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Hospital Infections - Take Charge

Armen Hareyan's picture
Handwashing To Reduce Hospital Infections

Hospital acquired infections are a serious problem that the quality improvement movement is shining a light on. Each year 2 million Americans acquire an infection while hospitalized. We used to accept these rates as just unfortunate events.

From methacillin resistant staph (MRSA) to Clostridium difficile (C. diff), we now know that these infections can be prevented through rigorous precautions and awareness. Here are 12 steps you can take to reduce your risk of hospital infections.

1. Ask hospital staff and visitors (very important!) to wash their hands before treating you.
Alcohol based hand cleaners should be at every bedside. Make sure it is used.

2. Make sure the Doctor or nurse wipes the stethoscope with alcohol before examining you.

3. Ask your surgeon about his/her infection rate. He should know the answer for the
procedure being performed.

4. Beginning 3-5 days before surgery, shower or bathe daily with chlorhexidine soap. You can
buy it over the counter.

5. Ask your surgeon to have you tested for MRSA one week before your surgery. It is a
simple test with a nasal swab.

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6. Stop smoking well in advance of surgery. Smokers are 3X as likely to develop surgical site infections.

7. Remind your doctor that you may need an antibiotic one hour before the first incision. (this depends upon the type of surgery but is a critical time period)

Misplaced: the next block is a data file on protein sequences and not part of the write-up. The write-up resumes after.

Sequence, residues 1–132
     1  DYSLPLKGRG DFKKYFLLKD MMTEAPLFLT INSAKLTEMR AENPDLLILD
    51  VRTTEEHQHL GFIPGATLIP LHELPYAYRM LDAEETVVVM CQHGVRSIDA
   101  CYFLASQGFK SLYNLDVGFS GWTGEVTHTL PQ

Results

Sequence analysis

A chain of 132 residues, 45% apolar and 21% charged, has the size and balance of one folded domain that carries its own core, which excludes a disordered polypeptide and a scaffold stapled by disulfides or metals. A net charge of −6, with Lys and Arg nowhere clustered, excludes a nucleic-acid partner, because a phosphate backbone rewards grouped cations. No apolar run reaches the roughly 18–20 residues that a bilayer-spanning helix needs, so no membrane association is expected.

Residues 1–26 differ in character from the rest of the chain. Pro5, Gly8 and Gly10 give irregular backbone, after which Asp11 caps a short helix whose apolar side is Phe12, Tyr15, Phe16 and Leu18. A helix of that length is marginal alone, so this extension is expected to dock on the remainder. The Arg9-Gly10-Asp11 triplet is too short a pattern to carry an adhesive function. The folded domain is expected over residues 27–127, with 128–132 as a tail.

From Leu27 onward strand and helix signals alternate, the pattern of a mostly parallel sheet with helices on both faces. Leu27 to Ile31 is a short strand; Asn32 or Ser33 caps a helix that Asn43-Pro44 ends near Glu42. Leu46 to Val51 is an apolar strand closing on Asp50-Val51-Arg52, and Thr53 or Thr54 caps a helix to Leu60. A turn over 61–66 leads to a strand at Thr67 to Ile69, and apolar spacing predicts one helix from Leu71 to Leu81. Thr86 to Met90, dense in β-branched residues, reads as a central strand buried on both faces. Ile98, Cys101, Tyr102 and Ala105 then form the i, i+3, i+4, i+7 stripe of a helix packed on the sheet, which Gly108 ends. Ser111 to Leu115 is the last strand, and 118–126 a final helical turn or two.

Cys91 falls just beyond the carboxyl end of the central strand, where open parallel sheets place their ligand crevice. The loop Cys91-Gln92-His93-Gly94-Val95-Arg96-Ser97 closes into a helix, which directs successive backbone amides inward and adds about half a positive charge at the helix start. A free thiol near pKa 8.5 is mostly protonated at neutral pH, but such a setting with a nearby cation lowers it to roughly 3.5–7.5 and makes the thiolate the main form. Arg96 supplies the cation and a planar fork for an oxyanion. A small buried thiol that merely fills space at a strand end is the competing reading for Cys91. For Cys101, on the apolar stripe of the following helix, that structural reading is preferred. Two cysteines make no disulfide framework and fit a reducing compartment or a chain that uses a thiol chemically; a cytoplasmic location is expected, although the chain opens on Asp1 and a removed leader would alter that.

8. Do not shave the surgical site. Razors can cause small nicks in the skin and allow infection.

9. Avoid putting food or utensils on furniture or hospital bed sheets.

10. Ask your doctor about monitoring your glucose levels continuously during and after
surgery, especially cardiac surgery. Tight glucose control helps patients resist infection.

11. If possible avoid a urinary tract catheter. (This is not always possible but be aware)

12. Make sure your IV is inserted under clean conditions and changed every 3-4 days.

Infection control is every one's responsibility. I know it is hard to question a caregiver when you are the patient, but these infections are absolutely preventable and we can't afford to make excuses for not doing the right thing. The evidence is clear. Now we need to make sure everyone adheres to them.

Reported by Dr. Toni Brayer, MD who blogs at Everything Health



What is your evidence for the position that "smoking increases the risk of surgical site infection" ? I am not suggesting that smoking is harmless; however, there are scant credible data in support of your statement unless you have access to some very recent, or secret, information that I do not. For example, are you talking about ALL kinds of operations? Which of the three types of surgical site infections do you mean? This issue is a lot more complex than your comments tend to indicate. Thanks. James T. Lee, MD,PhD